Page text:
Notice that the line has a negative slope (sloping downward to the right) and the area is a right-angled triangle.

    The slope of this graph is the acceleration: a=-u/T (slope = rise over run)
    The area under the graph is the displacement: s=(1/2)Tu (area = half base times height)

    2 equations and two unknowns - use the second to get an expression for T and substitute into the first:

    T = 2s/u (since you know s and u, most people make the mistake of computing T now. It's normally fine at this level but risks rounding-off errors later.)

    a = -u/(2s/u) = -u2/2s

    ... this is the kinematic equation that was used without the useless bits.
    It is faster to memorize the kinematic equations. However, that way means you have to memorize five specific equations and this way you need only remember basic geometry and how to draw graphs - both general skills applicable outside kinematics.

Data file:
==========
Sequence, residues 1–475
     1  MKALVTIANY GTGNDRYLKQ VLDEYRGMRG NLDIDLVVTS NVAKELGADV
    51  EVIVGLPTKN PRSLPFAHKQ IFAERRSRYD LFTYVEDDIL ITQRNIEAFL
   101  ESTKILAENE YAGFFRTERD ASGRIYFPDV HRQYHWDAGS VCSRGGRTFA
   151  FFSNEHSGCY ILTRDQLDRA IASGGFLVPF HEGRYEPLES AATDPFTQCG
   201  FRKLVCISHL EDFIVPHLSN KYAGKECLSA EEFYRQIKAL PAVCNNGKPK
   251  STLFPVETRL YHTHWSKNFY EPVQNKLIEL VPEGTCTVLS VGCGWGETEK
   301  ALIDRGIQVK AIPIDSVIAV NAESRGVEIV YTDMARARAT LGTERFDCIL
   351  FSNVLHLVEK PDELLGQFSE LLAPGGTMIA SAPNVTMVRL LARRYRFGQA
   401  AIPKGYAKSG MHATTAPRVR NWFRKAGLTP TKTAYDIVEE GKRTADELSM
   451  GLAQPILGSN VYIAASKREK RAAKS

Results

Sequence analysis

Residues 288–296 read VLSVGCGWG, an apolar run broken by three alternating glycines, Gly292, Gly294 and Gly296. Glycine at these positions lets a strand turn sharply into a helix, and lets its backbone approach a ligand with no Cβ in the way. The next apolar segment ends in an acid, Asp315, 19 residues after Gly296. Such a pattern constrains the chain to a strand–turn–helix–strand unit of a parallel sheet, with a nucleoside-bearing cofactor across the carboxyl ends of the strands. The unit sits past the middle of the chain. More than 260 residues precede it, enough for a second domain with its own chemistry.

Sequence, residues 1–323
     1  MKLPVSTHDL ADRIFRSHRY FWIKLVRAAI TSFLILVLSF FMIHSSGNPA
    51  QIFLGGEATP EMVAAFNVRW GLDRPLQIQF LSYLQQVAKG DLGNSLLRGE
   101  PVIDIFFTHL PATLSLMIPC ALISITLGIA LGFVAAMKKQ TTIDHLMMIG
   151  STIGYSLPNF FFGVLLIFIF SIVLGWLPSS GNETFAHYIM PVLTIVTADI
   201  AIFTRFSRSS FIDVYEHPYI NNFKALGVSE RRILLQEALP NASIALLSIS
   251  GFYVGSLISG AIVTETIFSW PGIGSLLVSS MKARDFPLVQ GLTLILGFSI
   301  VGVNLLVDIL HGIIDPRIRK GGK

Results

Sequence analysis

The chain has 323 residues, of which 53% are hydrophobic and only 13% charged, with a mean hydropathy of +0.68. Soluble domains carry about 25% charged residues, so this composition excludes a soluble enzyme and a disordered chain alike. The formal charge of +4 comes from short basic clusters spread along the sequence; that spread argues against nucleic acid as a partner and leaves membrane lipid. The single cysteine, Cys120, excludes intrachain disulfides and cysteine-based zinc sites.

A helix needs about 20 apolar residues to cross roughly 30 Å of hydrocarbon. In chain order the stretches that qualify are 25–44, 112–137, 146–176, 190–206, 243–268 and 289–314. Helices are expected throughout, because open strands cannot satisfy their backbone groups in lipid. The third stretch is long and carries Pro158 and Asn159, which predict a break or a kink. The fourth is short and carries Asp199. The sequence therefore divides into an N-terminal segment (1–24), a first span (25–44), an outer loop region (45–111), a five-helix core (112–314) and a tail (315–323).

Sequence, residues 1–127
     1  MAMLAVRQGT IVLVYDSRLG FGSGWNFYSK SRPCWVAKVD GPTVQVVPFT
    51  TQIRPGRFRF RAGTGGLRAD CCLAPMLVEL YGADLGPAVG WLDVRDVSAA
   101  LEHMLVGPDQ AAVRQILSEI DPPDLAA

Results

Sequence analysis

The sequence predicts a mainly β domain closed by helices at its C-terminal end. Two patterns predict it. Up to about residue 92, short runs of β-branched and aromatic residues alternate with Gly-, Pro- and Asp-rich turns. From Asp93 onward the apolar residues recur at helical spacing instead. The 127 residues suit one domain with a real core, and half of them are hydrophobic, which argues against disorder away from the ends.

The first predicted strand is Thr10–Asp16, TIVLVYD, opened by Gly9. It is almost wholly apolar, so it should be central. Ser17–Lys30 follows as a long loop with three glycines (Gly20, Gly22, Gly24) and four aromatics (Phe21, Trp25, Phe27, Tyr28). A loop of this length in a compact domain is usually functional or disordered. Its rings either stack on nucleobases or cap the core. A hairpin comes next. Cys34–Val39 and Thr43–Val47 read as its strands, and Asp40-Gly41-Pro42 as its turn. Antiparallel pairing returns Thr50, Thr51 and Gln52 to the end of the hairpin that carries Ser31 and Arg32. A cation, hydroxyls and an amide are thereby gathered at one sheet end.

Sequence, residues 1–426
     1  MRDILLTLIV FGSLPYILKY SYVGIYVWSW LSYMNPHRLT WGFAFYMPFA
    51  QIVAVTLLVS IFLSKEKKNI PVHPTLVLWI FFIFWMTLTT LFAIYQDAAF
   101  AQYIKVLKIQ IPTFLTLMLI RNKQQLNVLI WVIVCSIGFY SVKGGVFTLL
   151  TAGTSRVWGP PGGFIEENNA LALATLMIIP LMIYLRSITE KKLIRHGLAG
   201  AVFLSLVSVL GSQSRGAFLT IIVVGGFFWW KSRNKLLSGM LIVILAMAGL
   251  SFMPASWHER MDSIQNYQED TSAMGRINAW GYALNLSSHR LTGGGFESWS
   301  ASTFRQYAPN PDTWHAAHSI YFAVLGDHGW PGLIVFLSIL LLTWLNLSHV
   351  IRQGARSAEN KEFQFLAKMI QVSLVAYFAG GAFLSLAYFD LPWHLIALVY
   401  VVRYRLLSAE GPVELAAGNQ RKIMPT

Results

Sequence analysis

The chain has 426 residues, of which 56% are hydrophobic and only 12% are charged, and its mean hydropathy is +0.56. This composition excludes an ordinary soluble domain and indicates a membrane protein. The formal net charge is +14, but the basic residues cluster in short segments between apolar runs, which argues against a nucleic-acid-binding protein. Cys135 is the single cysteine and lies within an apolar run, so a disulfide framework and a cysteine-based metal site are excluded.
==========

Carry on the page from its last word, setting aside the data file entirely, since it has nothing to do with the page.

Last edited: Sep 11, 2012
  14. Sep 12, 2012 #13
    ok that makes more sense bc iam just not physics oriented so that help me. thanks!
     
  15. Sep 12, 2012 #14
    I never even tried. Very long time ago, I memorized the obvious ## v = v_0 + at ## and the less obvious (it was given way before any elements of calculus were given) ## s = v_0t + \frac {at^2} 2 ## and got good at massaging those (plus the energy-related equations) into whatever shape I needed.

    And yes, it was ## s ## for displacement :)
     
  16. Sep 12, 2012 #15

    Simon Bridge

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    Those are the ones most students end up memorising. The first is off the slope of the v-t graph (though you may have got it via y=mx+c) ... you only need 2 equations and your second one has a lyrical, singsong, quality that makes it easy to memorise. The "obvious" second one is the area of the general v-t graph done by triangle + rectangle or as a trapesium:

    Trapesium: s=(v+u)T/2

    A lot of the people who have trouble with the equation approach respond to the graphical one.